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Caffeine May Protect Women from Dementia

Caffeine May Protect Women from Dementia

A new study of women aged 65 and older discovered a 36 percent reduction in dementia among women who consumed caffeine. Researchers followed the women for over 10 years.

The women self-reported caffeine consumption of more than 261 mg per day or the equivalent to two to three 8-oz cups of coffee per day, five to six 8-oz cups of black tea, or seven to eight 12-ounce cans of cola.

“The mounting evidence of caffeine consumption as a potentially protective factor against cognitive impairment is exciting given that caffeine is also an easily modifiable dietary factor with very few contraindications,” said Ira Driscoll, Ph.D., the study’s lead author and a professor of psychology at the University of Wisconsin-Milwaukee.

“What is unique about this study is that we had an unprecedented opportunity to examine the relationships between caffeine intake and dementia incidence in a large and well-defined, prospectively-studied cohort of women.”

The findings come from participants in the Women’s Health Initiative Memory Study, which is funded by the National Heart, Lung, and Blood Institute. Driscoll and her research colleagues used data from 6,467 community-dwelling, postmenopausal women aged 65 and older who reported some level of caffeine consumption.

Intake was estimated from questions about coffee, tea, and cola beverage intake, including frequency and serving size.

In 10 years or less of follow-up with annual assessments of cognitive function, 388 of these women received a diagnosis of probable dementia or some form of global cognitive impairment. Those who consumed above the median amount of caffeine for this group (with an average intake of 261 mg per day) were diagnosed at a lower rate than those who fell below the median (with an average intake of 64 mg per day).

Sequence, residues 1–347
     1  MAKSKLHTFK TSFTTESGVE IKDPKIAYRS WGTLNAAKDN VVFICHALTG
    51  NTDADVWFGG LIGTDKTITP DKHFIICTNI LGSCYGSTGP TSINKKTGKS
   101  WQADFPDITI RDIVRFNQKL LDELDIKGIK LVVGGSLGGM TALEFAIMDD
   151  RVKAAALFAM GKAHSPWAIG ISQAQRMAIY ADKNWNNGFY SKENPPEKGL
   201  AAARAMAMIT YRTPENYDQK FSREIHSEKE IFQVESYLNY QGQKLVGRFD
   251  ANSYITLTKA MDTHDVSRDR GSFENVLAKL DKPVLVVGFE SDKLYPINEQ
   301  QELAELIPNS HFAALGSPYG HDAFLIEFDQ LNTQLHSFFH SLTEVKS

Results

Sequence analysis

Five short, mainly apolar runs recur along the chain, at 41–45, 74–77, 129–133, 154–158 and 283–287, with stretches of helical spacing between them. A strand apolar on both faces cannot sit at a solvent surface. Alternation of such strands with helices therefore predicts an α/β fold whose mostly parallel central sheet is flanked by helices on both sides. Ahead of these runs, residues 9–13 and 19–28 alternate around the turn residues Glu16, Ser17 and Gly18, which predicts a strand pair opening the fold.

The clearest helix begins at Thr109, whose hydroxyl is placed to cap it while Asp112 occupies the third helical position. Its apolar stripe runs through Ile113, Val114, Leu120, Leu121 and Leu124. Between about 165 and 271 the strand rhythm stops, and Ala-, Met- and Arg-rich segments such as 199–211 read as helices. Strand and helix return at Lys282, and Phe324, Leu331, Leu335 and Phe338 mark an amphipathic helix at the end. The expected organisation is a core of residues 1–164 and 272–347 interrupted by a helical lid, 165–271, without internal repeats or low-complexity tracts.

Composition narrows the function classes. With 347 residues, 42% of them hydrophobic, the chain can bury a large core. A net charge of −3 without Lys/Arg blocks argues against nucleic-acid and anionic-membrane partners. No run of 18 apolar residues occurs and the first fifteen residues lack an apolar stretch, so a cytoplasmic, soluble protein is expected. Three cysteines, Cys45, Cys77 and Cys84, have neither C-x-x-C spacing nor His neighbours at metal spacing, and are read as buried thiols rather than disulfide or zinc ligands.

The researchers adjusted for risk factors such as hormone therapy, age, race, education, body mass index, sleep quality, depression, hypertension, prior cardiovascular disease, diabetes, smoking, and alcohol consumption.

Source: Oxford University Press/EurekAlert

Caffeine May Protect Women from Dementia

Rick Nauert PhD

Rick Nauert, PhDDr. Rick Nauert has over 25 years experience in clinical, administrative and academic healthcare. He is currently an associate professor for Rocky Mountain University of Health Professionals doctoral program in health promotion and wellness. Dr. Nauert began his career as a clinical physical therapist and served as a regional manager for a publicly traded multidisciplinary rehabilitation agency for 12 years. He has masters degrees in health-fitness management and healthcare administration and a doctoral degree from The University of Texas at Austin focused on health care informatics, health administration, health education and health policy. His research efforts included the area of telehealth with a specialty in disease management.

APA Reference
Nauert PhD, R. (2016). Caffeine May Protect Women from Dementia. Psych Central. Retrieved on December 11, 2018, from https://psychcentral.com/news/2016/10/04/caffeine-may-protect-women-from-dementia/110690.html

 

Scientifically Reviewed
Last updated: 4 Oct 2016
Last reviewed: By John M. Grohol, Psy.D. on 4 Oct 2016
Published on PsychCentral.com. All rights reserved.